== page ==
JoCo to approve public comment period on proposed 10% cut to fixed-route bus services at meeting tomorrow

Route 403 from Antioch to Olathe is one of the fixed-routes that is facing potential reductions and adjustments based on JoCo staff recommendations.

Stephanie Iser rides the 403 Antioch to Olathe fixed-bus route from the Mission Transit Center to work in downtown Kansas City, Mo., every day. But if Johnson County moves forward with a recommendation to reduce bus routes, she may have to start driving to work — an option she’s weary of due to wanting to preserve her older car.

The Johnson County Board of County Commissioners on Thursday morning will vote to authorize county staff to begin a 30-day public comment period to gather community input on county staff’s recommendation to cut fixed-route bus services by 10%. After a comprehensive operations analysis was conducted in 2018 and the county got data on a  full year of microtransit service, staff looked at low ridership routes to determine if resources could be reallocated in a more impactful way, Johnson County Business Liaison Josh Powers said.

The federally required public comment period would last from mid-February to mid-March, Powers said. County staff would then take a few weeks to analyze the feedback received on the recommendations and then present it to the BOCC for consideration. Powers said it won’t be until April or early May that the BOCC might vote on an action item that would make changes to fixed-route bus services.

Staff’s recommendations include reductions, eliminations and reconfigurations to six  fixed routes, according to the BOCC briefing sheet. Below are the potentially affected routes and details of the proposed adjustments, as laid out in the briefing sheet:

  • 401 Metcalf-Plaza: Service to Prairiefire to be discontinued due to low ridership and “the southern terminus of the route will alternate between Johnson County Community College and Rosana Square,” according to the briefing sheet. Additional trips will be included during the route’s peak periods.
  • 402 Johnson-Quivira: The entire route will be eliminated as it averages less than 70 riders a day. Other options available to riders who use this route will be using the 403 route on Renner Road and College Boulevard in Olathe and portions of the 403 on Nieman Road and Johnson Drive in Shawnee; the 118 route at Roe Boulevard in Roeland Park and on 18th Street in Kansas City, Kan; the 475 route on Quivira Road south of 75th Street, at Oak Park Mall and at JCCC
  • 403 Antioch-Olathe: Reducing the number of trips, adjusting to serve portions of the 402. A portion of the route in downtown Kansas City, Mo., will serve the East Village Transit Center, and direct service to Crown Center and the Union Station will be eliminated.
  • 475 Quivira-75th Street: Extending the route to 75th Street and Prospect Avenue to serve the ALphapointe Transit Center, with additional trips. Service to KU-Edwards will be eliminated as there are “fewer than 15” riders a day.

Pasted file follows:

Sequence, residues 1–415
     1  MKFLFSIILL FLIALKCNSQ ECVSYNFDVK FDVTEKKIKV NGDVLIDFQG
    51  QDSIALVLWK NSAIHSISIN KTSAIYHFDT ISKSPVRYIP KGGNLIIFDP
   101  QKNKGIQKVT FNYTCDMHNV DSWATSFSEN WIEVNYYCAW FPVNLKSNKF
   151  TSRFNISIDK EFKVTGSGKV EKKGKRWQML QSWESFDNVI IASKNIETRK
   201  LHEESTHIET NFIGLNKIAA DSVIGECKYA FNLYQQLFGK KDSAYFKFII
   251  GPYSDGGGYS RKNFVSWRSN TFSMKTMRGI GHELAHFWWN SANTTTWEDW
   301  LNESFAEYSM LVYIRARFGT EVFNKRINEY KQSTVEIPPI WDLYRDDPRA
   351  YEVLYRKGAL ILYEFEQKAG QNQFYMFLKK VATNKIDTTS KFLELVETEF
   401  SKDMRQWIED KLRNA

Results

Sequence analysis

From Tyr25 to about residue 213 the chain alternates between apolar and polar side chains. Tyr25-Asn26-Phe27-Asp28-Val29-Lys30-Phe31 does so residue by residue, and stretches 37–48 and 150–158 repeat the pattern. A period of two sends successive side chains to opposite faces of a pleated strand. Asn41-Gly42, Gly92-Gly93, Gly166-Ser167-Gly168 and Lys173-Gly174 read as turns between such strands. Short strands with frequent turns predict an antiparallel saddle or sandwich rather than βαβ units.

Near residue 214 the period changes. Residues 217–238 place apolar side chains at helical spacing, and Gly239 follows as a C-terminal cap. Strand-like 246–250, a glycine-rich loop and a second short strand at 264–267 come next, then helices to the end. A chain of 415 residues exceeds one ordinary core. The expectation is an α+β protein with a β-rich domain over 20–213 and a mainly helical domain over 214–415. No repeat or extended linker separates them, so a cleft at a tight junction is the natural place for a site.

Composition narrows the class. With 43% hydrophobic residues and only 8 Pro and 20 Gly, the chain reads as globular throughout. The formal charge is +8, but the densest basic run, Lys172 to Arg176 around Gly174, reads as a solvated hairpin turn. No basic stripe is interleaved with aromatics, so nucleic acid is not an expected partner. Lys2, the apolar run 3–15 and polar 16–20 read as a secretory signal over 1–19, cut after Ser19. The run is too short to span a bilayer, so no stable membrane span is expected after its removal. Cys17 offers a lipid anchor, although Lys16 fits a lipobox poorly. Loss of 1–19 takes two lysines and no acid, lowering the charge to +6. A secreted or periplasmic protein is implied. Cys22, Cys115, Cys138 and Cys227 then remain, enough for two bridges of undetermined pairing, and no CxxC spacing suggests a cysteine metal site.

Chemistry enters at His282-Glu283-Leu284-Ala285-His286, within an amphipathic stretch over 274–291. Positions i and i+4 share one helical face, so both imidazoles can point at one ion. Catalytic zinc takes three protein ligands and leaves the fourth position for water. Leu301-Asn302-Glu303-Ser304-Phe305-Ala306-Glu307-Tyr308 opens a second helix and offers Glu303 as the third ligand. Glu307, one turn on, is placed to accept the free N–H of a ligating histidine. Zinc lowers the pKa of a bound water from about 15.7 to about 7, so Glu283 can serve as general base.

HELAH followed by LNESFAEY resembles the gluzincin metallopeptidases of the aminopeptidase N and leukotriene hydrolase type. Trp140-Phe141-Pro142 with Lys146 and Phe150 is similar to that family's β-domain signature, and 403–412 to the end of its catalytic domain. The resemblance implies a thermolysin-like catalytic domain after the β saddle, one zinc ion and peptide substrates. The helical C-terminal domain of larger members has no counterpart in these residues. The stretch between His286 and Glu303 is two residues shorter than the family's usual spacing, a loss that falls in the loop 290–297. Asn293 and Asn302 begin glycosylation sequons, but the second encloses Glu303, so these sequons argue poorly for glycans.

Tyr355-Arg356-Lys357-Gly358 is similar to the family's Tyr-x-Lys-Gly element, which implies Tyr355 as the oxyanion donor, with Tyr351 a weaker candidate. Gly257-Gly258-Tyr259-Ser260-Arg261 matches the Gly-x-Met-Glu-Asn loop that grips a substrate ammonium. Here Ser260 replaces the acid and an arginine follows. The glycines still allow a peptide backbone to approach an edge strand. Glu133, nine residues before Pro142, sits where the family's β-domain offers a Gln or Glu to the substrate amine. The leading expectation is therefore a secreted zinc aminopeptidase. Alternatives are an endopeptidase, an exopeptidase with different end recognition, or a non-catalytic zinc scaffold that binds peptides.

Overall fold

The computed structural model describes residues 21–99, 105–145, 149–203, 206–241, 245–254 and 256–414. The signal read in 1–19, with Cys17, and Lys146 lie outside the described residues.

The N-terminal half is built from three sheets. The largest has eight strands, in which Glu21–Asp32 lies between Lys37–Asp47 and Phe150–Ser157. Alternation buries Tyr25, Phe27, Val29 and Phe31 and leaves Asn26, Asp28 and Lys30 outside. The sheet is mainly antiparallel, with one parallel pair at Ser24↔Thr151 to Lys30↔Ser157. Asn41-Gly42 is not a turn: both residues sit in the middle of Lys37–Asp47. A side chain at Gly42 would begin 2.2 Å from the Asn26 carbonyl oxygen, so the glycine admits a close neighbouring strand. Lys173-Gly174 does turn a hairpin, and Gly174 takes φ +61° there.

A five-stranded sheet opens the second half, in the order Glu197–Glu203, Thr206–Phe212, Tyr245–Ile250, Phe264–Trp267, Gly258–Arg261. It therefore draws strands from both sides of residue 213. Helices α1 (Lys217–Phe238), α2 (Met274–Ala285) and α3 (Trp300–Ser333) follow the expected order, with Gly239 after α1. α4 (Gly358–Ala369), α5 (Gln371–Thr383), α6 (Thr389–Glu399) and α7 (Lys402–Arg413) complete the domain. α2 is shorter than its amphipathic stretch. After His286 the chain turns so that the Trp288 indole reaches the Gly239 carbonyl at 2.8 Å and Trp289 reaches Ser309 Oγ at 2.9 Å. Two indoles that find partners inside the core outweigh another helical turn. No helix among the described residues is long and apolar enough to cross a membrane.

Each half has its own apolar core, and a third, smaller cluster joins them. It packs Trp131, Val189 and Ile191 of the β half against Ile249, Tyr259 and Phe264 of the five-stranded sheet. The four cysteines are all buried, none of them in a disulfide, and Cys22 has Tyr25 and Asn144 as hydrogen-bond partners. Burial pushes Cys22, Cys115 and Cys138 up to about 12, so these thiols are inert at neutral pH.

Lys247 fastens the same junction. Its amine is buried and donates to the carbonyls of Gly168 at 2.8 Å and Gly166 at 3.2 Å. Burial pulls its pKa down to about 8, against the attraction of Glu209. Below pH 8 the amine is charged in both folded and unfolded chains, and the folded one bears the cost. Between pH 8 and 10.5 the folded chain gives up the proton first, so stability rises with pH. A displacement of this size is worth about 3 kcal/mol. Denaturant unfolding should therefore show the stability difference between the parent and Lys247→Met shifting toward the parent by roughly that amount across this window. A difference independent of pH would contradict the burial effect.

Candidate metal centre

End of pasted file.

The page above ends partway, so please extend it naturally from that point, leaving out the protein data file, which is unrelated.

• 495 95th Street: The route will be eliminated, as a result of low ridership and “redundancy with other services.”
  • 595 Gardner-OP Express: Discontinuing service to Edgerton and Logistics Park Kansas City, due to “fewer than 10 riders a day.” Five trips in the morning and evening will be provided from Gardner to downtown (evening trips will return from downtown to Gardner), and two trips in the morning and afternoon with service to Oak Park Mall and the Gardner/New Century areas.

A MOVE TO MICROTRANSIT

Johnson County is looking to expand its microtransit program. Photo credit RideKC.

The proposed 10% cut wouldn’t represent a reduction in the transportation budget. Rather, it would be a reallocation of funds to the county’s microtransit service, District 1 Commissioner Becky Fast said.

And while early feedback has shown the microtransit service to be successful, it’s not as reliable for longer trips and will be more expensive in the long run, Fast said.

“If we don’t invest in [fixed-routes], we will be paying more in roads, we’ll be paying more in health with air quality,” Fast said. “There’s a real economic benefit for transit when it works, when you get people to their jobs.”

Although Iser can drive to work, she said she’s worried about her fellow riders who may not have an alternative. She said riders cannot rely on the microtransit option to transport them to and from work, and the service doesn’t go to downtown Kansas City. Additionally, she said it often does not arrive at destinations on time because riders share it with other people.

“There’s no way you can eliminate or reduce these bus routes and replace it with microtransit because that’s not going to help the people these cuts are going to impact get to where they need to go,” Iser said.

Powers noted that at this time, the county is not actively working to implement new route eliminations and reductions or reallocations of funding. The BOCC will have the final say once an action item is brought forward at a future date, following the 30-day public comment period.

Fast said those who wish to address the issue should contact their commissioners, or attend the BOCC meeting on Thursday, Jan. 30, at 9:30 a.m. For those who cannot attend the meeting, it will be streamed via the county’s Facebook page.